In the opening round from Redstone Golf Club, Jimmy Walker ties the course record of 63 and has a two shot lead at 9-under par.
Every golfer in the world has been there, and it happened to Nick O'Hern last week. In Round 1 of the Arnold Palmer Invitational, he hit the ball great -- but took 34 putts. He briefly considered filing for divorce from his trademark long putter, whom he'd been married to for 16 years.
O'Hern needed only 25 putts on Thursday. His 65 is likely to remain the lead against the afternoon groups currently out in force at Redstone.
"After last week on the greens, I thought maybe give the short putter a go. But I'm glad I didn't," O'Hern said. "It's natural for anyone to start tinkering if things aren't going according to plan. I didn't think I was putting badly, but nothing was going in, so that's when you probably think maybe a change is on the cards. But as I say, it's worked out pretty well."
O'Hern is trying to earn enough money to shake his Medical Extension status on TOUR, which he was forced to take after undergoing two knee surgeries after the 2010 PLAYERS.
"I had an ACL reconstruction on my right knee last year. I snapped it about 20 years ago," O'Hern said. "Just wear and tear it was time to get it fixed. I actually had my left knee done at the same time. So I have both knees operated on, went for the package deal and had them both done."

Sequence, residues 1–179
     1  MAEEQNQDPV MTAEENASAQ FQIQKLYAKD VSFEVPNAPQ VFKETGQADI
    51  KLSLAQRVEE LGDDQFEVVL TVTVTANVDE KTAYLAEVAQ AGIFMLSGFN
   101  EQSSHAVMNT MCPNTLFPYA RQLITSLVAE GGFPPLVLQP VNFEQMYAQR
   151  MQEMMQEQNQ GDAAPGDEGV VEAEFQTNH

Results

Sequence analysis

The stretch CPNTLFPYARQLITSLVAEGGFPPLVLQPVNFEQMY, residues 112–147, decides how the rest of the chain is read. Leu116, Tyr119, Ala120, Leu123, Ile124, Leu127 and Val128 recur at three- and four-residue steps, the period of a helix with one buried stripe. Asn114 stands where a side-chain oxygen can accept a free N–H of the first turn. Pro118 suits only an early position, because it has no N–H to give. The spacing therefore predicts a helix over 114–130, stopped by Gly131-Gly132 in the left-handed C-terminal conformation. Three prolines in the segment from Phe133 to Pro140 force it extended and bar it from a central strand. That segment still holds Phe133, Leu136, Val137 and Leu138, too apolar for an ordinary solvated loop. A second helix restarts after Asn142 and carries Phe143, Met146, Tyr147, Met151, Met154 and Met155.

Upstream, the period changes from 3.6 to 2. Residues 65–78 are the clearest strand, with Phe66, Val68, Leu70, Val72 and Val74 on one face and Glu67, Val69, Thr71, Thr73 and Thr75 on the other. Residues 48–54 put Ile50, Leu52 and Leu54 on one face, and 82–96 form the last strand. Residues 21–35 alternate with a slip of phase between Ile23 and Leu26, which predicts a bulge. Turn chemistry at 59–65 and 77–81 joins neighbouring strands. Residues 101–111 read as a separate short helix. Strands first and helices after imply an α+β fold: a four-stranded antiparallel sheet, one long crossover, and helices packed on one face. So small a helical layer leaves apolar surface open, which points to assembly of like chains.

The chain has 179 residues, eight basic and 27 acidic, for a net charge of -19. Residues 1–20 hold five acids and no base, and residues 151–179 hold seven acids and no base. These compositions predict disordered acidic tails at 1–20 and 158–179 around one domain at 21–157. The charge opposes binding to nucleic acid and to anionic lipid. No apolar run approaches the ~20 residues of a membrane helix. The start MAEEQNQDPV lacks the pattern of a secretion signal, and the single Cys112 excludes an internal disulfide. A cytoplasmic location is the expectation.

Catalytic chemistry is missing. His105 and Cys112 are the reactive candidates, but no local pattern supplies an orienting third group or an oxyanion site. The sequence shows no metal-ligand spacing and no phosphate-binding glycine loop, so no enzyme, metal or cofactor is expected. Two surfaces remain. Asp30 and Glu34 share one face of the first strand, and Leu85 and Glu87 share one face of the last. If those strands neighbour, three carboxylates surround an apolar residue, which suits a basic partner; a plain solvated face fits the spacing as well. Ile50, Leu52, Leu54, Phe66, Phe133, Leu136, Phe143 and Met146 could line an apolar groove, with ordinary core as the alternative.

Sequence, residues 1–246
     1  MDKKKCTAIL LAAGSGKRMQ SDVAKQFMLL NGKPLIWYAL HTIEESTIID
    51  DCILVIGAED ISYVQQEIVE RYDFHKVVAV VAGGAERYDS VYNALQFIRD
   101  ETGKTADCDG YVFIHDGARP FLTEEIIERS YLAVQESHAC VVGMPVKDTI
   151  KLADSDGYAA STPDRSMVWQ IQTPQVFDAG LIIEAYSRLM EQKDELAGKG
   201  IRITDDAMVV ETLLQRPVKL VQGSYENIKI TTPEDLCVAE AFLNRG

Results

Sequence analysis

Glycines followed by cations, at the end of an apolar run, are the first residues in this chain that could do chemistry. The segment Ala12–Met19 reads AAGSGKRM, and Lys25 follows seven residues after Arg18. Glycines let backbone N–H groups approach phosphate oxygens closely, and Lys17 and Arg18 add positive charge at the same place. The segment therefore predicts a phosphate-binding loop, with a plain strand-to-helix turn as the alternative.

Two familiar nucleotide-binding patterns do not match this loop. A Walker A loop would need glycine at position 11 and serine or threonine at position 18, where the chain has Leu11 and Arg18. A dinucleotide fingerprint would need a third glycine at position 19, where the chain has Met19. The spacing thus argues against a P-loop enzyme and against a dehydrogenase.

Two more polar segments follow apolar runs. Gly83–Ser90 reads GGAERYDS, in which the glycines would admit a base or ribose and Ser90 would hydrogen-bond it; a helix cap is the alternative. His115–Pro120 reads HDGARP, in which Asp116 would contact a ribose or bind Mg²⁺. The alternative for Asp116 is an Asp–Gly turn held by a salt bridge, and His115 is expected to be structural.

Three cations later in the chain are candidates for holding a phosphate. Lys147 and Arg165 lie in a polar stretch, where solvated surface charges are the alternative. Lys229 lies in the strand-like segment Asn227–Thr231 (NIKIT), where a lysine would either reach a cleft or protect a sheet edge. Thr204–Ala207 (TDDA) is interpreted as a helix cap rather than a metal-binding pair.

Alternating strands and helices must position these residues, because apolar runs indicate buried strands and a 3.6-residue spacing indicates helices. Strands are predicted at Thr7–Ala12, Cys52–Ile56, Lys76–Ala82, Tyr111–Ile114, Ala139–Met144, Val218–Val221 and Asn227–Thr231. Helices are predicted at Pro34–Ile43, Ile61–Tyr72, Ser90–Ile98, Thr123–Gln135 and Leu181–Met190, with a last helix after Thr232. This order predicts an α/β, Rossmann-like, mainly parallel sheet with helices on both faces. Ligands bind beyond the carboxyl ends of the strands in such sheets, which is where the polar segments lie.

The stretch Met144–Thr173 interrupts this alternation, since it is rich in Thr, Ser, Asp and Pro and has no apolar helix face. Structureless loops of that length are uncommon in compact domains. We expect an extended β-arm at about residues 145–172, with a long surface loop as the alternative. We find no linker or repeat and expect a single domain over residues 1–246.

A healthy O'Hern is back to hitting fairways, which he knows he must do to compete on TOUR. He missed only two of them on Thursday.
"The big thing for me on this TOUR is driving the ball. I'm one of the shortest hitters, but I'm usually one of the most accurate," O'Hern said. "I haven't been accurate at all of late. My game revolves round hitting fairways and therefore I can hit greens and hopefully make putts."
You haven't heard a lot about Nick O'Hern in the last year or so. The man perhaps best known for beating Tiger Woods in the 2007 World Golf Championships-Accenture Match Play Championship has been battling knee issues for years, and it finally came to a head last summer.
O'Hern played in the 2010 THE PLAYERS Championship and was done for the year after injuring his knee during the event.
The Aussie, a left-hander who has used a long putter for years, is 6 under after 15 holes on Thursday at Redstone. He has the lead outright; Steve Stricker briefly reached 6 under before a bogey on the 16th.
O'Hern needs a big week. He has to earn $312,690 to retain full status on TOUR after being forced to take a medical extension.
PEBBLE BEACH, Calif. – Thursday, it was Alex Cejka’s albatross. Creating the excitement in the second round was Nick O’Hern’s hole-in-one.
The Aussie made the ace at the 12th hole at Pebble Beach. He used a 6-iron on the 202-yard hole, which was his third of the day.
O’Hern needs to build on that momentum, though. He shot 74 in the first round and is currently tied for 81st. But there’s time -- the cut comes after the third round when everyone has played all three course. – Helen Ross